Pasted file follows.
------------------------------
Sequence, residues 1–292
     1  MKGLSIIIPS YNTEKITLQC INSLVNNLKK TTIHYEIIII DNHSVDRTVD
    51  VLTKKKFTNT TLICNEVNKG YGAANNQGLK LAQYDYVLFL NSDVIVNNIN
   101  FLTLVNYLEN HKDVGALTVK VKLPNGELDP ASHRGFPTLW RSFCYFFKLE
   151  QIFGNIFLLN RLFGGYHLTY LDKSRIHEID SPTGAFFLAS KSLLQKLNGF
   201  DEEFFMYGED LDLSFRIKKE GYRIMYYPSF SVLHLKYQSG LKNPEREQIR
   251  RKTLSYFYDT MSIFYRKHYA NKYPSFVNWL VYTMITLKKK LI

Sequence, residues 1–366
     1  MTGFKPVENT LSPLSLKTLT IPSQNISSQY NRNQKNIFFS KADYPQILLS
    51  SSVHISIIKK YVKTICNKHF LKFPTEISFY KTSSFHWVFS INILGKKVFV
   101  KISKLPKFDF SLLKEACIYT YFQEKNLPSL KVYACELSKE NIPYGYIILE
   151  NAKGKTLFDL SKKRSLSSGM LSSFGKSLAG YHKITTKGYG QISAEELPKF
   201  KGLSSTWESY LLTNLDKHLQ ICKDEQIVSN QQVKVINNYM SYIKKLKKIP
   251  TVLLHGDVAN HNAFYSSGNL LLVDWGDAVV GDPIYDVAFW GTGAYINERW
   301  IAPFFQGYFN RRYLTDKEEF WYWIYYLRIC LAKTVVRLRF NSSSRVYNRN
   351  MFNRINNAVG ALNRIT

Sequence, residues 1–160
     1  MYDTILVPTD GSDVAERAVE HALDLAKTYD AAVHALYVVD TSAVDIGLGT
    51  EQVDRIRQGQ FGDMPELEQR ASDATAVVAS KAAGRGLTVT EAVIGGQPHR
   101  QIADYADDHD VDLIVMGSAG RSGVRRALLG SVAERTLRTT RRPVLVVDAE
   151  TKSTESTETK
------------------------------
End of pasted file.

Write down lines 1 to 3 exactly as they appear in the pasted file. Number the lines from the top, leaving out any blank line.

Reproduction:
Sequence, residues 1–292
     1  MKGLSIIIPS YNTEKITLQC INSLVNNLKK TTIHYEIIII DNHSVDRTVD
    51  VLTKKKFTNT TLICNEVNKG YGAANNQGLK LAQYDYVLFL NSDVIVNNIN